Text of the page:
Home of the Brave **
In the Oscar batch every year there's always that group of actors trying to make some kind of "uplifting" film that will hopefully push them out of the mindset that every viewer has about them. Maybe try and break free of the stereotypes that they have created for themselves with work from the past. Usually those films are about current events-issues that are effecting the world we live in today. And then usually, these films fail miserably. In 2006, "Home of the Brave" was that film. This is a film about the Iraq War, but it is as contrived and as obvious and as cliche ridden that it could have been about any war. Every single character here is a plot device to keep the story moving, and pretty much every acting job was overdone and corny. I really did roll my eyes so much that I got a headache after this was done. To begin with, there is no reason for this story to be told-even if the war was changed it is a pointless exercise, and something that we've seen and heard before.
"Home of the Brave" is about four different soldiers, who have all served in Iraq for quite some time now. There is Will Marsh, a doctor, Vanessa Price, Tommy Yates, and Jamal Aiken. On this fine day in Iraq they all find out that they are shipping out in two weeks time, and are finally going to be able to return home. Everybody makes their celebration phone calls-Vanessa calls up the daughter she hasn't seen in ages. "Mommy's coming home," she says. Little does she know that Mommy won't come back in one piece, and that might have been a little harsh. Then there is a call to bring some supplies to another section, and they need a group of soldiers and a doctor. Naturally, because this is movieland, all of our four hero's are selected. On the way they are attacked and have a big battle resulting in the death of a friend for Tommy, the death of an arm for Vanessa, killing an innocent woman for Jamel, and witnessing the horrors of war for Will. It's only natural that when they do return home, in Spokane(why Spokane of all places, I have no idea why) that it is difficult for them to resume their normal lives. Vanessa has a fake arm now, and finds it difficult to adjust to life. If she drops something, there is no way that she can pick it up with the hand. She ends a long term relationship with her boyfriend, and becomes somewhat mean and edgy. Jamel is doing down the wrong path, and looks as if he is minutes away from exploding. Tommy doesn't speak to anybody, and gets a job at the local movie theatre where he is able to sell tickets, separating himself from everybody by a bullet proof glass window in the box office. Will, on the other hand, has turned to drinking to cure what is bothering him, and pretty much everything upsets him. You should see what happens when his son comes home with a lip ring-probably one of the more painful things that could happen to a person. Is it possible for these people to somehow return to the normal lives they once had, before being victim to the horrors of war that have branded themselves into their brain?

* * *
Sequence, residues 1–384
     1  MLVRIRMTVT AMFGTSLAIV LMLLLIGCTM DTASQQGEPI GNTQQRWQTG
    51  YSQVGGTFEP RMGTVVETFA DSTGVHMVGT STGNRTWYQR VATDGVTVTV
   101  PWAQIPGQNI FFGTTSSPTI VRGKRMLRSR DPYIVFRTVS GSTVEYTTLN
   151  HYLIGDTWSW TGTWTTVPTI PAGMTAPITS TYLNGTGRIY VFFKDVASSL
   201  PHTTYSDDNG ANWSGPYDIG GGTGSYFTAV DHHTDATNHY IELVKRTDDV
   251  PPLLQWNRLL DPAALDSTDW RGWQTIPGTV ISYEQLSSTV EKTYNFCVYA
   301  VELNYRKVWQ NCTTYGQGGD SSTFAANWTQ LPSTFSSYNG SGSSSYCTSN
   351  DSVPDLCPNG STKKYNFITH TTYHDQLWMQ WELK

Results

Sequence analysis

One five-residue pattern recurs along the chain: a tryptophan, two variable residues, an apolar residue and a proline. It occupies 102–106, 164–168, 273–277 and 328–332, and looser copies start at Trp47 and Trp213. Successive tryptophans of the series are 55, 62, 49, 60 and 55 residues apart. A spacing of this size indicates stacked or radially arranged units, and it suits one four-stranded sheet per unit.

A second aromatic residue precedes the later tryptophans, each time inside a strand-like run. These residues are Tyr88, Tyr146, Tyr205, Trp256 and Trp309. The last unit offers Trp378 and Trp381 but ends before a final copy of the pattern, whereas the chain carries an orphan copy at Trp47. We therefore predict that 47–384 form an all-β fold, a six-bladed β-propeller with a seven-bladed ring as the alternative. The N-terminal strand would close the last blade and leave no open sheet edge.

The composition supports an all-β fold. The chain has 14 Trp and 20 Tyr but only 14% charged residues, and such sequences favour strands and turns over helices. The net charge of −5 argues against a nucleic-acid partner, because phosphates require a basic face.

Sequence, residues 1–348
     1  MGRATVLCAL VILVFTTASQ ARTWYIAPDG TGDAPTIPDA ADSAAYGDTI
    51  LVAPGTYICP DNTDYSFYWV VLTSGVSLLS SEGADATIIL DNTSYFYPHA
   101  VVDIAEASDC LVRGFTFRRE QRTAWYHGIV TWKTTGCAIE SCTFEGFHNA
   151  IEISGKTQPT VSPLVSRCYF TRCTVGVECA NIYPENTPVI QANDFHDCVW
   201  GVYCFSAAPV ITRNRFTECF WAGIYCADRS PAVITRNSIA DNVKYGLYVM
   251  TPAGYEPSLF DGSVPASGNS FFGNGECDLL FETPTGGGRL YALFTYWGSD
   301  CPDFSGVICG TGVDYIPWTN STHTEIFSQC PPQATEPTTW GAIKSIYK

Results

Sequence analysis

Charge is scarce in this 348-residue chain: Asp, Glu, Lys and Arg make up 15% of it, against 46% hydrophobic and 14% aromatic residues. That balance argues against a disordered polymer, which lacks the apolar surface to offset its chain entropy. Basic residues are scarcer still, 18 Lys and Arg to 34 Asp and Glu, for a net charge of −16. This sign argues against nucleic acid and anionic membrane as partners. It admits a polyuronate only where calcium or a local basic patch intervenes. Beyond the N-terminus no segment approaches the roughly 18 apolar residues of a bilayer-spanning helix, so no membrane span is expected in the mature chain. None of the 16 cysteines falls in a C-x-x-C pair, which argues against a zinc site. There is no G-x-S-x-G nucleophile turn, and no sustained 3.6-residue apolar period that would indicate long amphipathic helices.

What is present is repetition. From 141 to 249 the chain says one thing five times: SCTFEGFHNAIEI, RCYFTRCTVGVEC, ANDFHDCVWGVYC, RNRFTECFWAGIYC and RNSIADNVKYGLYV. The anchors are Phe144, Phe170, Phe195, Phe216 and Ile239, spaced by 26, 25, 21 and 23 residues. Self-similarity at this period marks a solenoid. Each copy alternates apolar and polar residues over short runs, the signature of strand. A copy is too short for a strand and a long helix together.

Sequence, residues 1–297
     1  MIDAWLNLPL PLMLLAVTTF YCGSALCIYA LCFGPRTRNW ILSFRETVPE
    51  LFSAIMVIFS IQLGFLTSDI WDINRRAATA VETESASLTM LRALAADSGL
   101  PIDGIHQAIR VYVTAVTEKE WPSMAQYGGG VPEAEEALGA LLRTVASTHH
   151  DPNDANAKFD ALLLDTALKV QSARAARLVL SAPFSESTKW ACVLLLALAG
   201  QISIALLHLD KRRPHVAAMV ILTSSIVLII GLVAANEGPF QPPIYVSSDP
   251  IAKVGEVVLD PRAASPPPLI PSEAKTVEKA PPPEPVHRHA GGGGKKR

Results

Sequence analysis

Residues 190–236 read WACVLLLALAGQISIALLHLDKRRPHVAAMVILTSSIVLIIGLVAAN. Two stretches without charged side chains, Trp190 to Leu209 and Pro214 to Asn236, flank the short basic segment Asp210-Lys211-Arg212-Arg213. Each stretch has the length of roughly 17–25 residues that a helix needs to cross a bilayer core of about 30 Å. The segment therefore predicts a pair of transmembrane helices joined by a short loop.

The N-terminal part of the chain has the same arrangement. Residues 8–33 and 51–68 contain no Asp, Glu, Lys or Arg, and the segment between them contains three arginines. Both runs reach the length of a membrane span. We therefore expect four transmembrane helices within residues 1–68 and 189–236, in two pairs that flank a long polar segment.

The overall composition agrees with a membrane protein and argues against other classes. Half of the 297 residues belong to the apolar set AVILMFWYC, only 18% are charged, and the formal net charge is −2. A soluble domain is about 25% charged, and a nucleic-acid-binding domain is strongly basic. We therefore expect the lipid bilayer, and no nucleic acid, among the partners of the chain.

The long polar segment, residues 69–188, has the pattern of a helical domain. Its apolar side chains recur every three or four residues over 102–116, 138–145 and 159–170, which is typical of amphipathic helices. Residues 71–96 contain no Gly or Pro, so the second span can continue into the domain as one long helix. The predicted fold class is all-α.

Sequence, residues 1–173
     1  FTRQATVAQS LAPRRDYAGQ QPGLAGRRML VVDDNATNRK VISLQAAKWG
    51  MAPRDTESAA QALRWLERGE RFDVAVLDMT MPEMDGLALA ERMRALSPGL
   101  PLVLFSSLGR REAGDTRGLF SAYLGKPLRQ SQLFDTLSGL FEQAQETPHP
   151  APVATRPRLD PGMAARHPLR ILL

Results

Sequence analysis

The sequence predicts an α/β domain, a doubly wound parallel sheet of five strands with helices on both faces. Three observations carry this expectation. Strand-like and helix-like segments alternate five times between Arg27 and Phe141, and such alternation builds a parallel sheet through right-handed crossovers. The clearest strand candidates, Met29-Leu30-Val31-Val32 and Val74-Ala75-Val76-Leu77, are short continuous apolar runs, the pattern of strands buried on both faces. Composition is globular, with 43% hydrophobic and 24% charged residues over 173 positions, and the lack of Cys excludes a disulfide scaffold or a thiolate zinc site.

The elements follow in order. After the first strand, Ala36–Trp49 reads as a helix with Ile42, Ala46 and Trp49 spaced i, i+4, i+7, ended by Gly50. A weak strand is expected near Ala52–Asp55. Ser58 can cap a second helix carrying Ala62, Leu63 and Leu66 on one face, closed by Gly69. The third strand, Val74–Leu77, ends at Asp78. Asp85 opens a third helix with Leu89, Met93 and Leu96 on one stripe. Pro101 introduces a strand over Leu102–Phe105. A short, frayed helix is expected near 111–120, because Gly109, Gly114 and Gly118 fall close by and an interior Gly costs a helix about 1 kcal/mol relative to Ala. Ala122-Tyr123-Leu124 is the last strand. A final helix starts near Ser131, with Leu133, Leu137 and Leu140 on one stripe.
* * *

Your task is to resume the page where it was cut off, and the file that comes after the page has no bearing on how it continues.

I didn't care, really, because everybody here seemed as if they were written by the books. There was no depth to anybody at all. "Home of the Brave" played it safe by giving us characters that we've seen a million times before, and putting the viewer in situations that are so cliche and not effective. This was as melodramatic as something that you would see on a made for TV movie, and the writing was even made for TV quality. I could give it some credit for the exciting first reel or so, which was the battle that made everybody go off the deep end. I'll admit that some of it was more intense than "Days of Glory," another war masterpiece that was only given a week run for Oscar consideration. But then we spiral into the obvious, and into Spokane where the story is as dull as the amount of activities that you could probably do there(no offense to any Spokanes).
The acting is to the point of being horrible, but then again look at the cast. How could it not be? Samuel L. Jackson is here in a role that he shouldn't be in. Watching him try to be emotional was almost laughable, considering every single movie role in the past consists of him saying Mother-----. Jessica Biel continues her quest to be taken seriously, and even though she was halfway decent in "The Illusionist," here she is trying way to hard. Brian Presley as Tommy is new to me, but even he overacted most of the time, and then Curtis Jackson-50 Cent to some-is, well, he's 50 Cent. There's no way I can't look at him and take him seriously as an actor. "Home of the Brave" has its heart in the right place-I suppose director Irwin Winkler was trying his best to tell an effective anti-war story about the war in Iraq, but he missed the chance to do something powerful, and instead he did a "by the numbers" drama about what war does to people. This is a big missed opportunity. If war is hell, than "Home of the Brave" is next in line.
"Home of the Brave" was released for one week in the middle of December for Oscar consideration run. After pretty much nobody saw it, it was moved from its original release in January, and now I have no idea when it will be around. But it's not important, because when it is released you won't hear a peep out of it. It should slowly float away.